Speaker Nancy Pelosi, Senate Majority Leader Mitch McConnell and other senior lawmakers participated in an invitation-only ceremony in the Capitol Rotunda to remember Lewis for his leadership in the civil rights movement and 33-year career in Congress.
“Under the dome of the U.S. Capitol we have bid farewell to some of the greatest Americans in our history. It is fitting that John Lewis joins this pantheon of patriots,” Pelosi said during the ceremony.
After Pelosi spoke, Lewis’ own voice came booming across the rotunda as excerpts from his 2014 commencement speech at Emory University were played, followed by a standing ovation from attendees.
The roughly 100 members and other invited guests, including D.C. Mayor Muriel Bowser and biographer Jon Meacham, were arranged in seats around the Capitol Rotunda, spaced several feet apart, with Lewis’ flag-draped casket in the middle.
As Lewis’ casket made its way to the Capitol, the bipartisan group of more than 100 members spent time mingling with one another, regardless of party casket made its way to the Capitol — celebrating his life with selfies and stories. Several lawmakers donned black masks with Lewis’ signature “Good Trouble” phrase emblazoned across them.
Lawmakers sitting in the rotunda, particularly members of the Congressional Black Caucus, grew emotional during the tributes to Lewis. At one point, during a powerful rendition of “Amazing Grace” by singer Wintley Phipps, several members openly wept and staff passed around a box of tissues.
House Majority Leader Steny Hoyer (D-Md.), a close friend of Lewis, and Minority Leader Kevin McCarthy (R-Calif.) then placed two wreaths of red and white flowers on each side of Lewis’ casket.
After the ceremony, the casket will be transferred to the Capitol steps for an outdoor public viewing through Tuesday evening — the first such ceremony of its kind, meant to accommodate coronavirus-related restrictions. Vice President Mike Pence and former Vice President Joe Biden, the likely Democratic presidential nominee, are among those expected to attend the public viewing.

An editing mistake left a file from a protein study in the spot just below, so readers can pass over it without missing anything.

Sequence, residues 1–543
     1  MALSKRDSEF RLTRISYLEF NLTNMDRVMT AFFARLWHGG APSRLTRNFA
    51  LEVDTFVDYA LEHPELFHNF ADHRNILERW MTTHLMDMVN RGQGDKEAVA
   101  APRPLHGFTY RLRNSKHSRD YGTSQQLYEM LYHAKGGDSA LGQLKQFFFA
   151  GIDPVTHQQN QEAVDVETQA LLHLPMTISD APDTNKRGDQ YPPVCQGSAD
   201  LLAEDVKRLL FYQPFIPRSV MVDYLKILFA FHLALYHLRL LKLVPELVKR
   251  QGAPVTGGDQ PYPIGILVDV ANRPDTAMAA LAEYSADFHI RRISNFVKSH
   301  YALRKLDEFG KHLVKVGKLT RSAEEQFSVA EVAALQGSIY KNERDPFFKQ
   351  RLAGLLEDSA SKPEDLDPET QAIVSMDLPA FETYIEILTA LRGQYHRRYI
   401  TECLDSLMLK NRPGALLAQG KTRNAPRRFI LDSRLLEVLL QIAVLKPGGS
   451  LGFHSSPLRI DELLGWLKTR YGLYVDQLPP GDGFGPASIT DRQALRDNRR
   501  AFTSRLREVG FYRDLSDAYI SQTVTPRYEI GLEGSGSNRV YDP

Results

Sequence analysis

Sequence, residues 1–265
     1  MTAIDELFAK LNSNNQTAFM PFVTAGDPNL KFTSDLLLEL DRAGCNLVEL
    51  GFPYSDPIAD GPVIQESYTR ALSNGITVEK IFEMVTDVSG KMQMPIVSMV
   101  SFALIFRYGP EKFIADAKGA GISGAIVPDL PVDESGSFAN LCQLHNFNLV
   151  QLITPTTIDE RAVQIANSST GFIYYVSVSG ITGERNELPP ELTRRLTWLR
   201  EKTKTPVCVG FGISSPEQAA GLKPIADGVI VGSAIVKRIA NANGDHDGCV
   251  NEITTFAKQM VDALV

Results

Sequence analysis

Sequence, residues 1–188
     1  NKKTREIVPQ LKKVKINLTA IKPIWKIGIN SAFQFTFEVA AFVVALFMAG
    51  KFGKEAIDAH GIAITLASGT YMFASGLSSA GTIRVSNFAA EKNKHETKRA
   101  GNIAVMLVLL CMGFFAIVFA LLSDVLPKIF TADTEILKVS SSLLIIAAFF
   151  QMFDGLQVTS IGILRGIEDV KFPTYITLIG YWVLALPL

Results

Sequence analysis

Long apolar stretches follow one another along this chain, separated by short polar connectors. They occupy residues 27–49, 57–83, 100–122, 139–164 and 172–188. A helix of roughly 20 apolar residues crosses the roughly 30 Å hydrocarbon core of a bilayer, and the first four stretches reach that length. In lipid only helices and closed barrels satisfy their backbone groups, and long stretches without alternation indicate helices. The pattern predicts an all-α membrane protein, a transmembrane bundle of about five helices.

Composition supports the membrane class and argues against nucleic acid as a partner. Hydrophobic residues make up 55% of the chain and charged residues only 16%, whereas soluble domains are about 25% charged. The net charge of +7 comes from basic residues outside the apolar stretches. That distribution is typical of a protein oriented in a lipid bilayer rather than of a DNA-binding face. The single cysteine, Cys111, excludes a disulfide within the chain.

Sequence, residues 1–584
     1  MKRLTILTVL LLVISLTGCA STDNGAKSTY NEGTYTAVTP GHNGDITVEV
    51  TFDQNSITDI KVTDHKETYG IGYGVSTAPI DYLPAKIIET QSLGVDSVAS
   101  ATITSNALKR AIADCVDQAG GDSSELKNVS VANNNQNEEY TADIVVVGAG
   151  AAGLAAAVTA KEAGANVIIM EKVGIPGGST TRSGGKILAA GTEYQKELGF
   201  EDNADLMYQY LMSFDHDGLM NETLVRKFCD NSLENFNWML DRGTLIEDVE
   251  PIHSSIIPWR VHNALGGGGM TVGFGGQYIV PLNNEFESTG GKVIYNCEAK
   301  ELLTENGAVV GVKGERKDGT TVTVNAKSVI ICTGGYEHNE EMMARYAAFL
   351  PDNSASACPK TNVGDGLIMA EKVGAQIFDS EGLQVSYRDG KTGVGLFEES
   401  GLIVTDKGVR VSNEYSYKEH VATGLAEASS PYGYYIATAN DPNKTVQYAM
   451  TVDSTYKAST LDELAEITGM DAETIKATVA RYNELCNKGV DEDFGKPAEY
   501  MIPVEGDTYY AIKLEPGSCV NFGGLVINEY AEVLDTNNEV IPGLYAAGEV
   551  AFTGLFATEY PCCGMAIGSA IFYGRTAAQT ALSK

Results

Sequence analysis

President Donald Trump, whom Lewis frequently criticized for his divisive politics, told reporters Monday he would not be visiting the Capitol to pay his respects.
The public memorial will look dramatically different from the ceremonies of other noted Americans because of the ongoing pandemic. Hundreds of people are still expected to line up to pay their final respects just beyond the Capitol, but they will need to stand entirely outside, spaced several feet apart with masks required at all times, on a day when D.C. has a heat advisory in effect, with temperatures set to exceed 100 degrees.
In a sign of the heat impact, a sailor in the honor guard tasked with carrying Lewis’ casket into the Capitol briefly collapsed while waiting for the ceremony to begin outside.
The Capitol viewing was just one of several stops over recent days to honor Lewis’ storied life and indelible place in U.S. history. A horse-drawn carriage carried Lewis’ casket across the bridge in Selma on Sunday, where he was saluted by state troopers, more than 55 years after members of that police force nearly took his life.
A motorcade carrying Lewis’ casket made several stops in Washington on Monday before ending at the Capitol, including the Martin Luther King, Jr. memorial; the Lincoln Memorial, where Lewis was the youngest speaker during the March on Washington in 1963; the National Museum of African American History, that Lewis fought for years to build; and Black Lives Matter Plaza near the White House, where Lewis made his last public appearance in June.
Earlier in the day, the House unanimously adopted a resolution from Majority Whip Jim Clyburn (D-S.C.) to rename Democrats’ voting rights package after Lewis.
Lewis’ death comes at a watershed moment for the nation, as protesters continue to fill the streets in several major cities demanding immediate action to address decades of police brutality and systemic racism.
One of Lewis’ last public messages was to the Black Lives Matter protesters, who started the nationwide reckoning over racial justice after the death of George Floyd, a Black man, by Minneapolis police in May.
“To see all of the young people — Black, white, Latino, Asian American, Native American — standing up, speaking up, being prepared to march, they’re going to help redeem the soul of America,” Lewis said during a virtual town hall with activists and former President Barack Obama earlier this summer.
“We need to tell people, tell each other, to be hopeful, to be optimistic, and to never, ever give up,” Lewis added.